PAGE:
Tribune de Genève.
Today’s quarterly Swiss GDP growth statistics show 0.2% growth compared to the previous quarter narrowly missing two consecutive quarters of contraction, the official definition of a recession. The Tribune de Genève interviewed Andreas Höfert, the chief economist at UBS Wealth Management, ahead of today’s release of the latest quarterly GDP growth estimates to get his view on what this could mean.
This Friday GDP growth numbers could be negative and the country would be in recession. Is this catastrophic?
The media invented this definition of two consecutive quarters of negative GDP growth being a recession. In reality, at least for the moment, it doesn’t mean much. Over the last 10 years the Swiss economy grew at 2.5% p.a. on average outperforming all other western economies including the United States. On the other hand, given the shock from the strong franc, we are going to have a few years where we trail the US and also Europe. We expect 0.5% growth this year, a third of that predicted for the European Union.
So the shock from the strong franc will last beyond spring. Still we haven’t seen a wave of redundancies…
Just because something doesn’t happen immediately does not mean it won’t. Unemployment is something that comes later. In general six to nine months after the shock. Between now and the end of the year we will see an increase in unemployment and it will be substantial.
What period would you compare this crisis to?
That of 1992. At this time Switzerland was coming out of a recession in the face of a very strong increase in the value of the franc. Unemployment reached 5%. This time it might not be as dramatic.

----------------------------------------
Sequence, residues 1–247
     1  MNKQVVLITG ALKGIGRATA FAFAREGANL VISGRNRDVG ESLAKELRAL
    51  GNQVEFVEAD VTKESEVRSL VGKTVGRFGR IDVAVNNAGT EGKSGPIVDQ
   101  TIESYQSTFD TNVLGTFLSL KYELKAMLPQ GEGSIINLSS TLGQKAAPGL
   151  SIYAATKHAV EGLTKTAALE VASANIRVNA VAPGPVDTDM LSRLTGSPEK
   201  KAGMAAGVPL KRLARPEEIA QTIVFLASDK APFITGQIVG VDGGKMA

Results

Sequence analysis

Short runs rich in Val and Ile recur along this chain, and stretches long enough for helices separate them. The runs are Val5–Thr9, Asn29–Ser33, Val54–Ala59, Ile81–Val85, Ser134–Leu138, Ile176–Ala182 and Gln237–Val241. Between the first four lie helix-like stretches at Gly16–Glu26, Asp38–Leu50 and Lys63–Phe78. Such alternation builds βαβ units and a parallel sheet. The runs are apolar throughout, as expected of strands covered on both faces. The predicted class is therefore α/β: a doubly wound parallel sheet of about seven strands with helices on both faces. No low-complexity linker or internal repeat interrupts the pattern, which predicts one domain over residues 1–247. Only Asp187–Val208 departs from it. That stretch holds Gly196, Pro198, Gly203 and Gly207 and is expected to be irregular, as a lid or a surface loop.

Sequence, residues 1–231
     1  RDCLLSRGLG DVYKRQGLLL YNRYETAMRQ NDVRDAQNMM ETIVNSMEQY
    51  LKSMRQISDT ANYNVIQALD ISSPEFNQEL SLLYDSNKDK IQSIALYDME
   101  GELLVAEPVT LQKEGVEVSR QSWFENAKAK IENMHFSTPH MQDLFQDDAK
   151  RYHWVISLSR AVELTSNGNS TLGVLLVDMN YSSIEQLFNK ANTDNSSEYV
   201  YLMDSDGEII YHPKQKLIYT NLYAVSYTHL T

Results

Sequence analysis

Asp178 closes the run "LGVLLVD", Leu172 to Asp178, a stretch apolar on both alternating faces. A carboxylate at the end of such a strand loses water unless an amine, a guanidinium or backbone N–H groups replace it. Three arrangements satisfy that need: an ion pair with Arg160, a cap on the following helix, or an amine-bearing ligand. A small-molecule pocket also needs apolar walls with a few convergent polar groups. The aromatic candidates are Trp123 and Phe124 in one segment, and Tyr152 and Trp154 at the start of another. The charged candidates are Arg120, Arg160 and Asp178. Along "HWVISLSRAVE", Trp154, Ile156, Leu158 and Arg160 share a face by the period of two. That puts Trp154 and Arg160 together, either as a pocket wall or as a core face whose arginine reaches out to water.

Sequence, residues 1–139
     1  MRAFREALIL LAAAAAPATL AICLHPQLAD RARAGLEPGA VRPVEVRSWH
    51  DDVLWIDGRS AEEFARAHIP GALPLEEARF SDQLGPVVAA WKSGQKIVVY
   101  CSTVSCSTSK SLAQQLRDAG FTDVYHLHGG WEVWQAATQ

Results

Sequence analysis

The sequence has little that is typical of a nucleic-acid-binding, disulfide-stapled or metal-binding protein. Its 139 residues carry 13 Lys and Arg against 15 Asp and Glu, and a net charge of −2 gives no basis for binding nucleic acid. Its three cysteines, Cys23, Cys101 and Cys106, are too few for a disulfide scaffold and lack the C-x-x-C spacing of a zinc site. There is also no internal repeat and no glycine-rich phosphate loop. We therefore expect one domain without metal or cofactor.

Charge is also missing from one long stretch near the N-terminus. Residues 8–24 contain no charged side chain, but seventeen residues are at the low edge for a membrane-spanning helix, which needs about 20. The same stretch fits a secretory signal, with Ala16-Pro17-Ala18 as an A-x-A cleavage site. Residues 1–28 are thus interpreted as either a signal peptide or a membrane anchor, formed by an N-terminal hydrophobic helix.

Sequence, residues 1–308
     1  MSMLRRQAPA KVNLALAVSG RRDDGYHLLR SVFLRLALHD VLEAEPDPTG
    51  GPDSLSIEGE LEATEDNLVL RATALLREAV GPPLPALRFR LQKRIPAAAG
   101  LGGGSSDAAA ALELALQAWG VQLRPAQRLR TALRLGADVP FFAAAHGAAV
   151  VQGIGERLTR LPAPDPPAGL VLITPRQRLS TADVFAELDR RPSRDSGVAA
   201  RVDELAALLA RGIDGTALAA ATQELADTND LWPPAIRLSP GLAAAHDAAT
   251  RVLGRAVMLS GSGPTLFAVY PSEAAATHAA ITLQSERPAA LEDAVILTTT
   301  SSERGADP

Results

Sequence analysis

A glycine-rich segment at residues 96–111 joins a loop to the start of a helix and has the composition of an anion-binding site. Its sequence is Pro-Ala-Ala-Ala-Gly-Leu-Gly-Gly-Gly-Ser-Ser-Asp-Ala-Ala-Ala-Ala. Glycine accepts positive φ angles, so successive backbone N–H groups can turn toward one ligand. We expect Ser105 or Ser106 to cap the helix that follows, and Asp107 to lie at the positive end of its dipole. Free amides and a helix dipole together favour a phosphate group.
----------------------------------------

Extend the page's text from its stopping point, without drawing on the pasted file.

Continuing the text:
5% unemployment seems manageable compared to the situation in Europe or the United States…
5% unemployment is huge for Switzerland because the country is not prepared. Here the level below which it is difficult to reduce unemployment without stoking inflation is around 2%. The same level in France is around 7% and around 5% in the United States.
Can we expect the strong franc to ease? After all, a level of CHF 1.10 to a euro was once considered “bearable” by economists…
It is wishful thinking to hope that the franc will permanently weaken over the next few years. In 2018 the Greek crisis is going to move back onto the agenda, European growth will not be durable…there are enough reasons to reinforce the safe haven attraction of the Swiss franc. The level of CHF 1.10 to a Euro? In my opinion it’s the maximum that we could expect given the structural problems of the euro.
Full Tribune de Genève article – in French
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